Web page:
Delta thinks of charging more for American voice on phone
The airline has surveyed some frequent fliers about adding a fee for talking to U.S. reservations agents but says it hasn't made up its mind.
By STEVE HUETTEL
Published July 28, 2004
Airlines have resorted to charging travelers for meals, paper tickets and extra luggage to bolster their sagging bottom lines.
Now, Delta Air Lines is pondering a new twist: charging a fee to send your call to a reservations agent in the United States instead of a call center in India.
Delta first floated the idea in an online survey of select frequent fliers this month. The airline hasn't tabulated the survey results, let alone decided on imposing the new fee, said spokeswoman Meaghan Glynn.
"We look into a lot of initiatives and ask a lot of questions," she said. "If this sees the light of day remains to be seen."
Providing customer service with offshore contractors is certainly nothing new, but charging extra to have calls taken by U.S.-based workers certainly would be.
Delta contracts with two companies, including Tampa-based Sykes Enterprises, to outsource three call centers to India with about 1,000 workers.
The nation's third largest airline saves about $25-million a year by redirecting "a percentage" of basic service calls from U.S. customers to the centers, said spokeswoman Peggy Estes.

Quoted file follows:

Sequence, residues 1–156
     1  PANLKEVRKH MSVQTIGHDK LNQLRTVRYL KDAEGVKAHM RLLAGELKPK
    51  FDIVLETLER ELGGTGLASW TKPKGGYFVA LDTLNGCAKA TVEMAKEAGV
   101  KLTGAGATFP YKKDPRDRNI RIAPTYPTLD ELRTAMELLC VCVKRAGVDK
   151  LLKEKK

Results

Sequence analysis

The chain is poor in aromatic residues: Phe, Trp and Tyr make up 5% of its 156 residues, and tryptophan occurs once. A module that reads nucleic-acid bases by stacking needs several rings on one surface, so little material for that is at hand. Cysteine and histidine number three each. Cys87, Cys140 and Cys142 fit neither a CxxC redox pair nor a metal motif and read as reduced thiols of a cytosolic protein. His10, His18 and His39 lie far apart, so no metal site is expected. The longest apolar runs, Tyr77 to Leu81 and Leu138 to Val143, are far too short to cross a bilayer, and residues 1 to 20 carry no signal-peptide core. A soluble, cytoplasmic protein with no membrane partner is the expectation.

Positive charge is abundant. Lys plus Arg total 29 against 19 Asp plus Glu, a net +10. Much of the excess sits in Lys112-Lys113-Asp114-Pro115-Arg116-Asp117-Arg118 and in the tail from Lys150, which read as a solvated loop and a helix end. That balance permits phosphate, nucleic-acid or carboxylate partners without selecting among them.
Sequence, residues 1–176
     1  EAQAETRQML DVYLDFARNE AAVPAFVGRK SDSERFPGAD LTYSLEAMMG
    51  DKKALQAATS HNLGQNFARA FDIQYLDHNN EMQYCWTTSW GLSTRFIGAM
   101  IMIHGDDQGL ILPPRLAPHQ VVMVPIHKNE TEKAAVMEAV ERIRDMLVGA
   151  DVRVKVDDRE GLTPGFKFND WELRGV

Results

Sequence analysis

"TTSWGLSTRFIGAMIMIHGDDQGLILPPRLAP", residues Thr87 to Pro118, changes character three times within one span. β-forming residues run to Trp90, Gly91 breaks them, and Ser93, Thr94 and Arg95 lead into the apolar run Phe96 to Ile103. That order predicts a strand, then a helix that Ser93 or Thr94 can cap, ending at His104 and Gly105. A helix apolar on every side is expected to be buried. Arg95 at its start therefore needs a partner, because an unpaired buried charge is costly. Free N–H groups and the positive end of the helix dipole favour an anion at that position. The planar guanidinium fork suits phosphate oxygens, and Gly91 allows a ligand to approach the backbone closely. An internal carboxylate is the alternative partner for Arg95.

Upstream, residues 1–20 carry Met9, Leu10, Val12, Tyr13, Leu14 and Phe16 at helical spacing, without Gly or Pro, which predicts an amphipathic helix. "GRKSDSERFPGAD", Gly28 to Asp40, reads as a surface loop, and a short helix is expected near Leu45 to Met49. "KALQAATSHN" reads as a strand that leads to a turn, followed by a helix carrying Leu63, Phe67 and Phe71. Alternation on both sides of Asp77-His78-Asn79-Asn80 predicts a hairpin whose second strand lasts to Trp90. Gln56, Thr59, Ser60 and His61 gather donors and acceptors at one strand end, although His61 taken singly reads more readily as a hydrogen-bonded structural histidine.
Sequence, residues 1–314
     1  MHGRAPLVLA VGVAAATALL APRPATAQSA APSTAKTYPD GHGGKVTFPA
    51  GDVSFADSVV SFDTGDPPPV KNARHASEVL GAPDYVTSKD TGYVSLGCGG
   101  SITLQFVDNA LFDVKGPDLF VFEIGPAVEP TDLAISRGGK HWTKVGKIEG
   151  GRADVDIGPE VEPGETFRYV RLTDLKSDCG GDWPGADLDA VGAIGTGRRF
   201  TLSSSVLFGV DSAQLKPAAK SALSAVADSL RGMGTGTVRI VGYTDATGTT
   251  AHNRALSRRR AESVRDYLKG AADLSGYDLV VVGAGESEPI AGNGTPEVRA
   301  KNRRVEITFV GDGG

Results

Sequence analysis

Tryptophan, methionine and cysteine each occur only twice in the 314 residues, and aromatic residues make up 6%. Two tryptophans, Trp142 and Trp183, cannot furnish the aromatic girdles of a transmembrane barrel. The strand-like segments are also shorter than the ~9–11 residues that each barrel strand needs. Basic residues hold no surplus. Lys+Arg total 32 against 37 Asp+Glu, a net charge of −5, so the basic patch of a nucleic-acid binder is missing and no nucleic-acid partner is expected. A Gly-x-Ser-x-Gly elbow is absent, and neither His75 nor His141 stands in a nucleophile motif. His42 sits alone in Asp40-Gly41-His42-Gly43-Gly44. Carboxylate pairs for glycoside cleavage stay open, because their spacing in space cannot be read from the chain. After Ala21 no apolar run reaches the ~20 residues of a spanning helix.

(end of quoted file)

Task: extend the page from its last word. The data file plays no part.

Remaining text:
Delta still employs more than 5,000 of its own reservations agents at eight U.S. reservations centers, including one in Tampa's West Shore district, and centers in Latin America and London. No Delta agents lost their jobs because of the outsourcing, Estes said.
But the service has spurred complaints from customers who say the contracted agents in India lack the training, language skills or knowledge of U.S. geography to handle certain types of transactions. The frequent flier Web site FlyerTalk.com has hosted online discussions with titles such as "India Call Center Incompetence."
Larry Fields of San Leandro, Calif., says he got frustrated trying to book a flight through an agent in India from the San Francisco Bay area to New York City using his Delta frequent flier miles.
He asked for options out of three bay area airports and the three metropolitan New York airports. The agent checked only flights between San Francisco International and JFK International, all with two stops each way. Fields says he ended up buying a ticket on another carrier.
"I get the impression they're not as well trained (as Delta agents)," he said. "They're trying to save money, but they're losing someone who might generate revenue in the future."
Delta called the outsourcing deal the first of its kind among U.S. airlines when the contracts were announced two years ago. But it's not alone in catching flak from unhappy customers.
Computermaker Dell last year stopped routing corporate customers to a technical support call center in India after a flood of complaints. Individual customers, meanwhile, got shifted to the lower-cost offshore centers.
Online lender E-Loan Inc. gave customers a choice last spring about who would process their applications. They could let the company use workers in India or wait as much as two days longer for U.S. workers to do the job.
Delta's idea of charging customers to talk to a U.S. call center is a new wrinkle - and not likely a popular one, said Randy Petersen, who runs FlyerTalk.com.
"I've not seen anything like that in customer service," he said. "That's the cost of business. If it's a trial balloon, I'd say it's more of a lead balloon."
- Times researcher Cathy Wos contributed to this report. Steve Huettel can be reached at email@example.com or 813 226-3384.